By Jerry Geisel, Crain News Service
WASHINGTON (Aug. 1, 2014) — On a near-party-line vote, the House of Representatives on July 30 approved a resolution authorizing the House leadership to sue President Barack Obama for regulatory action taken last year that delayed the federal healthcare reform law’s employer mandate by one year.
That provision in the Patient Protection and Affordable Care Act (ACA) requires employers with at least 50 full-time employees to offer coverage or be hit with a stiff fine.
“Rather than faithfully execute the law as the constitution requires, I believe that the president has selectively enforced the law in some instances, ignored the law in other instances, and in a few cases unilaterally attempted to change the law altogether,” Rep. Pete Sessions, R-Texas, said during the floor debate on the proposal.
But Rep. Louise Slaughter, D-N.Y., said the lawsuit would be a “monumental waste of time and money.”
The resolution was approved on a 225-201 vote.
At the time the delay was announced, the administration said more time was needed to simplify a requirement under which employers are to report health plan enrollment information to the government. The Internal Revenue Service last week released a draft of that reporting form.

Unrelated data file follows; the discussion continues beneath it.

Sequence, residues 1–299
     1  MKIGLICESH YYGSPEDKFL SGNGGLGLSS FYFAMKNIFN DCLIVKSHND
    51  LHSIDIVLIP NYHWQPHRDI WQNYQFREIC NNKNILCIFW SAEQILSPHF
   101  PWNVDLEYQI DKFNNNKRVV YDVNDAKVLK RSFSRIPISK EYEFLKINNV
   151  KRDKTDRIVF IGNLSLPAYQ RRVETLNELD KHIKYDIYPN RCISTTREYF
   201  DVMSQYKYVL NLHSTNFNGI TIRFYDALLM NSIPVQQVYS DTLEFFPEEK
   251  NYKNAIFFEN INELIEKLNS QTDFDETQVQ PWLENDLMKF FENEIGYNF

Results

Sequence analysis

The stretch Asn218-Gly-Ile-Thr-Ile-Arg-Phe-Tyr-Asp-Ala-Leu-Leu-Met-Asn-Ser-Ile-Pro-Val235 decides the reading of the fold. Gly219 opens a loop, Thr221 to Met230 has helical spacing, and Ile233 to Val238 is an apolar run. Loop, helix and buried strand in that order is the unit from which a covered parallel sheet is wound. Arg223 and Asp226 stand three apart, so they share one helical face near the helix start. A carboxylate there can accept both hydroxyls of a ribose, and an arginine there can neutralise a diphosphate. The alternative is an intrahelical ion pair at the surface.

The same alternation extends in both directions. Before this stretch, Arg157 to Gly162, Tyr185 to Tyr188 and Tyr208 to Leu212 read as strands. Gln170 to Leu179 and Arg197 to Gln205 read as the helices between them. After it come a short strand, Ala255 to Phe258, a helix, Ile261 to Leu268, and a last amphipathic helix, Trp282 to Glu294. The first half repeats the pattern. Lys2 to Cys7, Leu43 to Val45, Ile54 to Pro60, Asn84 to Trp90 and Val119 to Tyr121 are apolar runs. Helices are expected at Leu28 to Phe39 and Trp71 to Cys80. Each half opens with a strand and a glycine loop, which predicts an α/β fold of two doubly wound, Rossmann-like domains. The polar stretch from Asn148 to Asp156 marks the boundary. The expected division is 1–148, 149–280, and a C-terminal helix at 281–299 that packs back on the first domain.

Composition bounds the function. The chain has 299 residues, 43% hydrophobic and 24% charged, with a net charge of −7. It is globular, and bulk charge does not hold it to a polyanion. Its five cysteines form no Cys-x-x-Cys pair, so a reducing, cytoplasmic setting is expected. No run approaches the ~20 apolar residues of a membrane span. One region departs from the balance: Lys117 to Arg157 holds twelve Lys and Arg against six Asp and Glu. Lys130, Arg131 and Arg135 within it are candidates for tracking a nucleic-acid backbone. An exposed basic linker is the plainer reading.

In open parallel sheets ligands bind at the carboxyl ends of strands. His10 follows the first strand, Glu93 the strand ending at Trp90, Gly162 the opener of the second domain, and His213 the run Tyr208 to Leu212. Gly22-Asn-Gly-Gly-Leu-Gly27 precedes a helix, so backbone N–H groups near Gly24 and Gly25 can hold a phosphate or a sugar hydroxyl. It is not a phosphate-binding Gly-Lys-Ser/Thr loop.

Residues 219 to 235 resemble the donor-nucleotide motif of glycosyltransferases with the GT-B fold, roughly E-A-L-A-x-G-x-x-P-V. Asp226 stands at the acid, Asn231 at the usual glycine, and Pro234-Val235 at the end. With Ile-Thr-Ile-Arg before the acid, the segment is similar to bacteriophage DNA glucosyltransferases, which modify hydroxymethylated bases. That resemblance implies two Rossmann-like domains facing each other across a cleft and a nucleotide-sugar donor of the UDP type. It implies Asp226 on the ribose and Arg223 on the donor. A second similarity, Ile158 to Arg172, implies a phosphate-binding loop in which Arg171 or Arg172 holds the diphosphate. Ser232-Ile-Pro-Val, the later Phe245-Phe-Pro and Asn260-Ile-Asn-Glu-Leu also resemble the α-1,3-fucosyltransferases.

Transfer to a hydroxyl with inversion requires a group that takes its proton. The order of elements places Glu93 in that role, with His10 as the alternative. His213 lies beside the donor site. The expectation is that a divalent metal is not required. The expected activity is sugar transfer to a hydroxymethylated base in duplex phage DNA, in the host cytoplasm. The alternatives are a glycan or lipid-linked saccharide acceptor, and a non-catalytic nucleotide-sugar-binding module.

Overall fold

The delay to 2015 from 2014 in the employer mandate—under which employers are required to offer coverage or be hit with a $2,000 per-full-time-employee penalty—was followed by a second delay announced earlier this year.
Under the second delay, employers with between 50 and 99 employees do not have to comply with the mandate until 2016. In addition, the requirement that coverage be offered to at least 95 percent of full-time employees will not kick in until 2016, with a 70 percent coverage offer requirement applying in 2015.
This report appeared on the website of Crain’s Business Insurance magazine, a Chicago-based sister publication of Tire Business.
Do so-called “Religious Freedom” laws in place in some states impact how companies do business, and do you support them?
|I support them and don’t think they have any effect on how I do business||
|I don’t support them; they have a negative effect on businesses||
|I think more research should be done about these laws’ impact before they’re enacted||
|They’re horrible, an infringement on the rights of certain groups or individuals and shouldn’t be the law anywhere||
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